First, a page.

Redline Steel CEO turns failure into success

Sunday, 05 November 2017, 09:43:13 PM. Erwin's goal to be 'the Amazon of home decor'

Jennifer R. Statham For AL.com

Redline Steel Founder and CEO Colin Wayne Erwin is a social media guru disguised as the unassuming owner of a home decor steel company.

The 28-year-old self-described "serial entrepreneur" talks about his mishaps and failures before talking about his successes in social media or steel. In fact, Erwin talks freely about one business mishap, opening an Extreme Nutrition store in south Huntsville that was only in operation for six months.

"I lost probably $70,000 plus shutting down that Extreme Nutrition, so that was a tough pill to swallow, but I don't regret it because I learned a lot from those failures," Erwin said. "I would say my success today is because of that failure."

The Huntsville native says learning to commit to a single "vertical," or to a single industry niche, has helped mold his work focus. Now Erwin owns Redline Steel, located in Huntsville, which is one of the largest customized steel manufacturers in the United States, specializing in home decor steel pieces.

"My advice for any entrepreneur is that I think a lot of it is derived off of your thought process and your work ethic. Look at this new business as a baby, a newborn baby, and you have to give it 100 percent attention all day, everyday. If you neglect it, it could hurt, and it will eventually die," Erwin said. "If you live for the weekends this is not the place for you. You need to be all in or don't even jump in at all, because you're going to lose."

"Really deep dive into 'Where it is that I want to be and what is it going to take for me to get there?'" he said. "Don't look at what you're already accomplished, keep preemptively looking ahead at your next goal."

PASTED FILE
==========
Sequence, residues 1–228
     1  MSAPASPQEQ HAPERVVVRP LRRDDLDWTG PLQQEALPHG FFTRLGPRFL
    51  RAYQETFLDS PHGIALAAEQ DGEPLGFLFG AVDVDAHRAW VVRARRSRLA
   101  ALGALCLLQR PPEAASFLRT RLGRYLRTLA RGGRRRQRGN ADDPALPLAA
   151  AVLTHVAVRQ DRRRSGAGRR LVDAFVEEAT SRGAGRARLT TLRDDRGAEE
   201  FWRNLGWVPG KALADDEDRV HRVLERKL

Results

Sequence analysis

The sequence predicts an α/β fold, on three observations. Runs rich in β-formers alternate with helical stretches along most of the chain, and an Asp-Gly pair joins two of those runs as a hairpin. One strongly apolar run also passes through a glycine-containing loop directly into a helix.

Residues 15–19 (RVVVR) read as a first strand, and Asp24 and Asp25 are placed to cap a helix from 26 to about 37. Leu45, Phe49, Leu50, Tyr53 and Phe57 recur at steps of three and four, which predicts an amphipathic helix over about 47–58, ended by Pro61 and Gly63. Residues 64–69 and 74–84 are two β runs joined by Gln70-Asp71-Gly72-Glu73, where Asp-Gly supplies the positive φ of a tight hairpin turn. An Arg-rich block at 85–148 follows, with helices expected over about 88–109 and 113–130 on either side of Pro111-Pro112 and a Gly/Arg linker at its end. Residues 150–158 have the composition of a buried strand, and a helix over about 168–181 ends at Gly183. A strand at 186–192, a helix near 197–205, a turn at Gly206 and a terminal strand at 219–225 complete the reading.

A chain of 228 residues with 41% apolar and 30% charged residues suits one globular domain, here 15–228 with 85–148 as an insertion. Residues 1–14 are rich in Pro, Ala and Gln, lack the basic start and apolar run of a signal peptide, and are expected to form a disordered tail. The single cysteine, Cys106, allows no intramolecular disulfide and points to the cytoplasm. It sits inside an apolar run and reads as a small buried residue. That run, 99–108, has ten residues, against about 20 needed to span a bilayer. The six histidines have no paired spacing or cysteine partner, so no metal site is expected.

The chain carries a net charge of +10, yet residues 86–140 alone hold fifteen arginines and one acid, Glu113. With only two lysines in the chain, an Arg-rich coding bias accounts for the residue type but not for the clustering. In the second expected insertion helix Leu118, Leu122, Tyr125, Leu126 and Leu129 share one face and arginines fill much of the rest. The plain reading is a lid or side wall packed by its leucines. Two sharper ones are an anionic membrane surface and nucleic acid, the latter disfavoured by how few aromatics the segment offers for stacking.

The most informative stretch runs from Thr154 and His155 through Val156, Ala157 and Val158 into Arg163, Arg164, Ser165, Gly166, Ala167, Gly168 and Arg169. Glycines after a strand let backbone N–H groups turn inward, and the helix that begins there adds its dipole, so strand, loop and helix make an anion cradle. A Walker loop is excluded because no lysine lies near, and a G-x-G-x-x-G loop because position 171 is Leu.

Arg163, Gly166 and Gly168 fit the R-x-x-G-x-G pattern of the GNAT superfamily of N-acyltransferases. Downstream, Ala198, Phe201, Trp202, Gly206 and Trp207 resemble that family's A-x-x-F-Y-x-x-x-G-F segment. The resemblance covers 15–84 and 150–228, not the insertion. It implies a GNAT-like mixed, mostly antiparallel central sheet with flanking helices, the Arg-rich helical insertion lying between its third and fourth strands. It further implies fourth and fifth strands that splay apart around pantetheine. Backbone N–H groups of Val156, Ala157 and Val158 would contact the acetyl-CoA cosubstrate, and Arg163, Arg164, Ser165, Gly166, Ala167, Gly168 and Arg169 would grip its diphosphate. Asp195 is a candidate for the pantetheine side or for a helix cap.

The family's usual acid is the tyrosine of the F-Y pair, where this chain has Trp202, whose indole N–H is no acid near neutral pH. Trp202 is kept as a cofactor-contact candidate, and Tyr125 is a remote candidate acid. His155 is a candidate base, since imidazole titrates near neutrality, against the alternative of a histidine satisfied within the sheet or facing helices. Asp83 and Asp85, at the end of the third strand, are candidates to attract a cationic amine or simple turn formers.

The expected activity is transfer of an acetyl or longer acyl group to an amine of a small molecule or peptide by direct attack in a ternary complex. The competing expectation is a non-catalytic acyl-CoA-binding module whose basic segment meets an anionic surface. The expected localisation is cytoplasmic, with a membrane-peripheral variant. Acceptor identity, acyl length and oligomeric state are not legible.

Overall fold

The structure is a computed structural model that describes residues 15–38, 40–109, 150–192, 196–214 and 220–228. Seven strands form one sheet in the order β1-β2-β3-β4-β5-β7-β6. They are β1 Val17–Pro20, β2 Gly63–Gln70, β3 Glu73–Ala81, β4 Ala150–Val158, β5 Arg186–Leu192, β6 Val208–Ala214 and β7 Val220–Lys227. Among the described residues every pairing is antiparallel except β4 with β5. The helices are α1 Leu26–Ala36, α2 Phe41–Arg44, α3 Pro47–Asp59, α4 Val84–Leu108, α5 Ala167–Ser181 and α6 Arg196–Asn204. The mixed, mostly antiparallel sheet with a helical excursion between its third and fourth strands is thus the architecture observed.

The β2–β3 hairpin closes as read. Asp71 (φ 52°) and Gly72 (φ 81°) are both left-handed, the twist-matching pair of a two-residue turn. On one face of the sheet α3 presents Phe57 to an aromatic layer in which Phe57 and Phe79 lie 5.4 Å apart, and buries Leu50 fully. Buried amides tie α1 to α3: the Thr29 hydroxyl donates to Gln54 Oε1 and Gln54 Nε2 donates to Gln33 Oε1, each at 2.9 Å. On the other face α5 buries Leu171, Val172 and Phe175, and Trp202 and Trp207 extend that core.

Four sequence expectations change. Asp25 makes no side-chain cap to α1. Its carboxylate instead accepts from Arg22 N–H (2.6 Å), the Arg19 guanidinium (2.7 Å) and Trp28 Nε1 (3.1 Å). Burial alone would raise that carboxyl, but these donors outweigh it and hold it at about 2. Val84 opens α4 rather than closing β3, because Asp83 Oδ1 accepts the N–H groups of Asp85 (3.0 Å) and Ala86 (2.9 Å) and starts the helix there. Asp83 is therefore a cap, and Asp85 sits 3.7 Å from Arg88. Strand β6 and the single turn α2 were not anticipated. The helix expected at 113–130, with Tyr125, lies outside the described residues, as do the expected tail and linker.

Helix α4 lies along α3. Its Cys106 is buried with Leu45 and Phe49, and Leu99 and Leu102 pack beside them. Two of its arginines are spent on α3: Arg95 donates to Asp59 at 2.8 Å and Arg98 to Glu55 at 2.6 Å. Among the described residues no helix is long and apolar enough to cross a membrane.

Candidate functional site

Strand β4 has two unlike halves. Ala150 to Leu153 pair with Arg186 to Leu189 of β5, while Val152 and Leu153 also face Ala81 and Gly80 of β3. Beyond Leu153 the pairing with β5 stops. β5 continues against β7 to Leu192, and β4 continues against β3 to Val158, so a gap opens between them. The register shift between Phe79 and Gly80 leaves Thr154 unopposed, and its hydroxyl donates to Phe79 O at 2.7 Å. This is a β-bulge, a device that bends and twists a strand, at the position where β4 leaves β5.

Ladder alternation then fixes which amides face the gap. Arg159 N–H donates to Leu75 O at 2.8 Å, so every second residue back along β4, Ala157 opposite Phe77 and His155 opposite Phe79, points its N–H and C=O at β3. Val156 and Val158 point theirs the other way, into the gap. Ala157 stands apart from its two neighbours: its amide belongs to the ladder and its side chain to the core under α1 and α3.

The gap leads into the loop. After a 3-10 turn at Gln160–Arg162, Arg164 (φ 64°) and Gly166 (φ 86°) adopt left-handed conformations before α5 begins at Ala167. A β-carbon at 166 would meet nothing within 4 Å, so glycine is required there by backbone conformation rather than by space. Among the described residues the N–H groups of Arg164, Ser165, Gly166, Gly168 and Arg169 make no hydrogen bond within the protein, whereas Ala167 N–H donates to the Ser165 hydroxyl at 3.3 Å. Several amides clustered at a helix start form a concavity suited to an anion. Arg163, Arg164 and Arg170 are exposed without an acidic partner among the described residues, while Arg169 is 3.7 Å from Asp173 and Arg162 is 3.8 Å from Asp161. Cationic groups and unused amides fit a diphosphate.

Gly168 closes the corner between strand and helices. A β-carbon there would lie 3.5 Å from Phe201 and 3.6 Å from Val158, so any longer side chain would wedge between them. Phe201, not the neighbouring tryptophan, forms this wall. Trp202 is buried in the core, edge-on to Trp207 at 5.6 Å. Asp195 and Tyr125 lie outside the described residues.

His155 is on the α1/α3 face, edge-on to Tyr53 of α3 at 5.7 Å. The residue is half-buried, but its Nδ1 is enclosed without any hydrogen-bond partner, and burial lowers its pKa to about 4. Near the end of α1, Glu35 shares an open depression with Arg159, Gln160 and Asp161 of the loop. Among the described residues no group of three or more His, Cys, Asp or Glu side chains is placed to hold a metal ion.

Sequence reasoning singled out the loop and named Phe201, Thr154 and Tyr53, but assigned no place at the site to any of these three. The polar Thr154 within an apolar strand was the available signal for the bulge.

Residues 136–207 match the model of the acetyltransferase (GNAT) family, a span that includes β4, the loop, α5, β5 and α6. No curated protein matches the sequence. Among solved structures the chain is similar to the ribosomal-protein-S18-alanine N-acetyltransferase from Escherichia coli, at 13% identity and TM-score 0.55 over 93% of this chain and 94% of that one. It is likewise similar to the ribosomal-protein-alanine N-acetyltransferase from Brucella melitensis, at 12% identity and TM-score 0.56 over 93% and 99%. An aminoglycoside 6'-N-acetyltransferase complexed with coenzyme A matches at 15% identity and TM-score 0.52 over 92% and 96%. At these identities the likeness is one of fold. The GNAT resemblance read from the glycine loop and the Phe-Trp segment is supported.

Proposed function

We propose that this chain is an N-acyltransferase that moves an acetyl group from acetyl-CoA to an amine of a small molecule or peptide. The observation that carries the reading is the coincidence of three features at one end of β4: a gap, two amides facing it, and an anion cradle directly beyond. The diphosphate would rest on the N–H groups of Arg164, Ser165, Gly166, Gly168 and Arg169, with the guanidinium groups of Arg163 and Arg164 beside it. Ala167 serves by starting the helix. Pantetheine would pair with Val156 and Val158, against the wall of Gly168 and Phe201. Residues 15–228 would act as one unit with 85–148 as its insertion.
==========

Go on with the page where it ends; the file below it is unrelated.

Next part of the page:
Military to Modeling to Media

Erwin's career path started early and was unconventional. He was on his own by age 16, dropped out of high school and got his GED. He joined the U.S. Army at 17.

He served as a military policeman from 2006 to 2013, participating in operations based in Egypt, Iraq and then as a civilian in Afghanistan. In 2012, Erwin was a Department of Defense contractor and got injured in a rocket attack.

The rocket hit just over 3 feet from him, leaving him with shrapnel through his leg, tinnitus in his left ear, and nerve damage in his back. Erwin did physical therapy for six months as he transitioned out of the military. Along with physical therapy comes working out, but the gym was familiar territory for Erwin.

"I started working out in 2009 at Fort Worth, Texas, right before I went to Iraq. I was like 150 pounds soaking wet," he said. At 6 feet, 2 inches tall " I was like a walking stickman."

"I started working out since 2009 and never stopped. It became a passion for me," he said.

While transitioning out of the military in 2013 he did his first modeling job with FuriousFotog and within 30 days of taking photos he had about 100,000 followers on social media. During this time, Erwin contracted with several supplement companies as a "social media influencer" for more than two years.